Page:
Transcripts of

[00:00:00.02] [aircraft sound]
[00:00:04.11] We are currently on our mission down to Pine Island Glacier in west Antarctica
[00:00:08.16] and we will be flying about a 3 hour survey there over the glacier.
[00:00:12.21] Pine Island Glacier losing ice very quickly
[00:00:16.27] about 6 meters per year and today we will go back and re-fly
[00:00:20.31] the same mission that we have flown two years earlier in 2009.
[00:00:24.40] And we can compare the data that we collect today to our previous data
[00:00:28.46] and also to the data of the ICESat satellite that has collected
[00:00:32.50] surface elevation measurements there over many years. And this will tell us
[00:00:36.55] how much ice is being lost in west Antarctica
[00:00:40.64] and contributes to sea level rise.
[00:00:44.72] Two weeks ago we had another mission over Pine Island Glacier
[00:00:48.78] and when looking out of the window of the aircraft we noticed
[00:00:52.80] a fairly large crack in the ice shelf.
[00:00:56.84] And I talked back to colleagues in the U.S. that downloaded satellite images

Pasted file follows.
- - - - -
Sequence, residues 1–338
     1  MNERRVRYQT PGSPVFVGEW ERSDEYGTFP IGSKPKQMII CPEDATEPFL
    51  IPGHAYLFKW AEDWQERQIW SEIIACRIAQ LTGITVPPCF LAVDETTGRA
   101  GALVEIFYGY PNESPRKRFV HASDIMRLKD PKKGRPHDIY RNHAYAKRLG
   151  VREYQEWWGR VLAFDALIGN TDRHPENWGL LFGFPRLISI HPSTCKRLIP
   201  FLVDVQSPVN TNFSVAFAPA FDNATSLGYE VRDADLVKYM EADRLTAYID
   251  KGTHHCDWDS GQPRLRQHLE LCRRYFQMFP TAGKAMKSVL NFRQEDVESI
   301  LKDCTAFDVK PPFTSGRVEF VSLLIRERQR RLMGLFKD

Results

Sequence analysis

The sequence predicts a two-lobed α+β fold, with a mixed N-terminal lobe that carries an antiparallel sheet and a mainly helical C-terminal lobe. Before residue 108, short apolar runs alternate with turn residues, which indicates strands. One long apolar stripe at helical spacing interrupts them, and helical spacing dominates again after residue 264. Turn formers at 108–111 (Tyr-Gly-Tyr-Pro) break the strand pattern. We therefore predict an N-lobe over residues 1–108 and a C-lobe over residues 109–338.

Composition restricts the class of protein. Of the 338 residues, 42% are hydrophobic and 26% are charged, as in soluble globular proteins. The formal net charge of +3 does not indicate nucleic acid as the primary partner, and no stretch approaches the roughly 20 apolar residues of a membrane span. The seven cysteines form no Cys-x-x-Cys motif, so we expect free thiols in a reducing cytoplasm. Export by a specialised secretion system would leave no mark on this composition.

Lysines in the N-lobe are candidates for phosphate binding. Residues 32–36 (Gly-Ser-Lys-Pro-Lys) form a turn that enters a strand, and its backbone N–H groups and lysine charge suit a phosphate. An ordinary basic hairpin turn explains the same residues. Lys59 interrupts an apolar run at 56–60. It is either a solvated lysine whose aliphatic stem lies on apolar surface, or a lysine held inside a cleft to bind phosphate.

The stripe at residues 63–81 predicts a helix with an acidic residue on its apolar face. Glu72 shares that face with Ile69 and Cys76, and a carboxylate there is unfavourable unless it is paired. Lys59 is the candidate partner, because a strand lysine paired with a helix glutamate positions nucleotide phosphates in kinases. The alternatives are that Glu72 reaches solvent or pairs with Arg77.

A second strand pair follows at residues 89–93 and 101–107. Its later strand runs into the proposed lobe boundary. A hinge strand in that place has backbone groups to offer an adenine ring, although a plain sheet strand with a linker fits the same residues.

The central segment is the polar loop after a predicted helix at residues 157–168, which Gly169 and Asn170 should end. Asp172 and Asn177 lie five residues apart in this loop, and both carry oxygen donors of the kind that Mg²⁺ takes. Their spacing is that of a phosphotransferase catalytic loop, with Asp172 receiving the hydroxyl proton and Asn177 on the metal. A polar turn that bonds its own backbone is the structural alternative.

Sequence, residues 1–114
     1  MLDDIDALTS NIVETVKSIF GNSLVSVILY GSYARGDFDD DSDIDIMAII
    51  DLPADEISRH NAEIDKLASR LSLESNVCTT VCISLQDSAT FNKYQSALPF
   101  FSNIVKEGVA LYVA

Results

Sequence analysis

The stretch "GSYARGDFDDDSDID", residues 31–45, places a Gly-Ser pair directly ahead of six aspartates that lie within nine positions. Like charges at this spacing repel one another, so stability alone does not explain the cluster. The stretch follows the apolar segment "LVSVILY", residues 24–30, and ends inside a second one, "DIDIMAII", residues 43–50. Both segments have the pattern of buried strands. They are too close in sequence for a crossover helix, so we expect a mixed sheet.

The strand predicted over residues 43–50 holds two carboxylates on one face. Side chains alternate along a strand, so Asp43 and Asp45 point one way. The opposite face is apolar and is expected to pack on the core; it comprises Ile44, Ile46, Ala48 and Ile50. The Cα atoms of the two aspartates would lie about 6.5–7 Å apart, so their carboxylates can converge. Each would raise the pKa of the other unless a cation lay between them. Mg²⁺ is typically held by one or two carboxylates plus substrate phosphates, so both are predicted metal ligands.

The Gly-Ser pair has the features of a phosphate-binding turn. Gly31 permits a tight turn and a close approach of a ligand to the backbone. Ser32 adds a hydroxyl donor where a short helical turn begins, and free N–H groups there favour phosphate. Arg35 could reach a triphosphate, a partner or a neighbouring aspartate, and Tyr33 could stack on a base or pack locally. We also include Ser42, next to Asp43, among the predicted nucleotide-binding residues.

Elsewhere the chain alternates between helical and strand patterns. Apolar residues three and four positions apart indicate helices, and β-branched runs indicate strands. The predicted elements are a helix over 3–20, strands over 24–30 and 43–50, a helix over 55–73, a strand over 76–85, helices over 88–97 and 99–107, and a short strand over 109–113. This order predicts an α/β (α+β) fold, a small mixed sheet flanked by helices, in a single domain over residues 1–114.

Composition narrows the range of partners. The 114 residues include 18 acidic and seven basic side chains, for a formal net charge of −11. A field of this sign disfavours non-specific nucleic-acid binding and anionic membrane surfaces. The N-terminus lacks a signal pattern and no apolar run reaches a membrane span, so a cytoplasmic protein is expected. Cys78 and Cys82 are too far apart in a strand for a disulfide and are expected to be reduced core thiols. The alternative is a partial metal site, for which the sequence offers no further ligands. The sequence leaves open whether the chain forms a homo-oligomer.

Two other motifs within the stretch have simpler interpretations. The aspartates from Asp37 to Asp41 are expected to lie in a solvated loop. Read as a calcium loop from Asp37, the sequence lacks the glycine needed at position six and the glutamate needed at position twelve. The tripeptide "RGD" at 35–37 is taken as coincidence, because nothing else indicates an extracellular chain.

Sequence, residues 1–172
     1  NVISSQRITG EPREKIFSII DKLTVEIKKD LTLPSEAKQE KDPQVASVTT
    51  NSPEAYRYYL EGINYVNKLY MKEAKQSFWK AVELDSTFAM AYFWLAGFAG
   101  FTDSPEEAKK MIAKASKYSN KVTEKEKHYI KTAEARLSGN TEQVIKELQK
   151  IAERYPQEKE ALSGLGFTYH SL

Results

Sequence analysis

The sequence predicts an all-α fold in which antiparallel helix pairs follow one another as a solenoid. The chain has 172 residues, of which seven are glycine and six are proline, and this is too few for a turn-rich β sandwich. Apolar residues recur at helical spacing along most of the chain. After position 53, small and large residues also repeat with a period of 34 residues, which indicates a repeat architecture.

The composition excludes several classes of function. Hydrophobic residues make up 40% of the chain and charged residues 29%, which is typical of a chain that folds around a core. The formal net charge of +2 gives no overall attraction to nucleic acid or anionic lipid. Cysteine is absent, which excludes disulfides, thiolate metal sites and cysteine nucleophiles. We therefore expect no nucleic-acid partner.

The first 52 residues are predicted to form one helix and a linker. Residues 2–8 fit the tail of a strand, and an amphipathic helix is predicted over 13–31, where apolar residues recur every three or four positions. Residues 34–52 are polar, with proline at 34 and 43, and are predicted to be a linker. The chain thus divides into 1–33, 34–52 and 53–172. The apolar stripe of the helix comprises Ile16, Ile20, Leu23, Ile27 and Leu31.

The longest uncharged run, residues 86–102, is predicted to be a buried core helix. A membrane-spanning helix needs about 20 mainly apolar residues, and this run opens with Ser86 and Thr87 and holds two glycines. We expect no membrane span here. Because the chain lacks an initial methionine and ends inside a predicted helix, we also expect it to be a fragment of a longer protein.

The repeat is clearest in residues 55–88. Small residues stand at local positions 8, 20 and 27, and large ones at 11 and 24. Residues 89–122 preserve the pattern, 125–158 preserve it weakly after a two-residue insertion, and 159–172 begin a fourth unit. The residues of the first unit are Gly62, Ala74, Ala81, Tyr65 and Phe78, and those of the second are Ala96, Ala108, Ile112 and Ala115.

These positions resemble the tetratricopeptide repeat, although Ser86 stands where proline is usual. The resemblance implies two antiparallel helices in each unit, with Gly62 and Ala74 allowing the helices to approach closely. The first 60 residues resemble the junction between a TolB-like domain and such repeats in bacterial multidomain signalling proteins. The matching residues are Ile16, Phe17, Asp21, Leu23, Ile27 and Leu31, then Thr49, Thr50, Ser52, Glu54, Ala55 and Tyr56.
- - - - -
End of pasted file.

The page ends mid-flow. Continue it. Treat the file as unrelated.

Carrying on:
[00:01:00.93] and they reported that this crack has formed in sometime between
[00:01:04.98] end of September or early October.
[00:01:09.00] These things happen on a semi-regular basis in both the Arctic and the Antarctic,
[00:01:13.04] but it's still a fairly large event.
[00:01:17.16] So we wanted to make sure we captured as much of that process as we could.
[00:01:21.17] So today was our first trip to be back in the area and what we do is we modified the existing flight plan
[00:01:25.19] to add another half hour to the flight in order to catch a flight along the
[00:01:29.30] direction of the rift, in order to get mainly a lidar and photographic map of
[00:01:33.37] the shape, depth of the rift, and the width of it -- see how it's developing over time.
[00:01:37.43] At the moment the crack is about 80 meters wide.
[00:01:41.46] If it continues to propagate, it's about an iceberg that ice the area of 800 square kilometers
[00:01:45.51] that eventually will break off from the
[00:01:49.54] Pine Island Glacier.
[00:01:53.61] Now if we're lucky, we may get another chance to come back to this area later, if weather and
[00:01:57.74] timing permits, to do what we just did today to see how the rift has further developed as time goes on.
[00:02:01.91] A lot of times when you're in science you
[00:02:05.95] don't get a chance to catch the big stories as they happen because you're
[00:02:10.08] not there at the right time, but this time we were.
[00:02:14.15] These are discreet processes in time, they take place over a period of just a few weeks
[00:02:18.18] and we just happened to be here at the right time to catch it.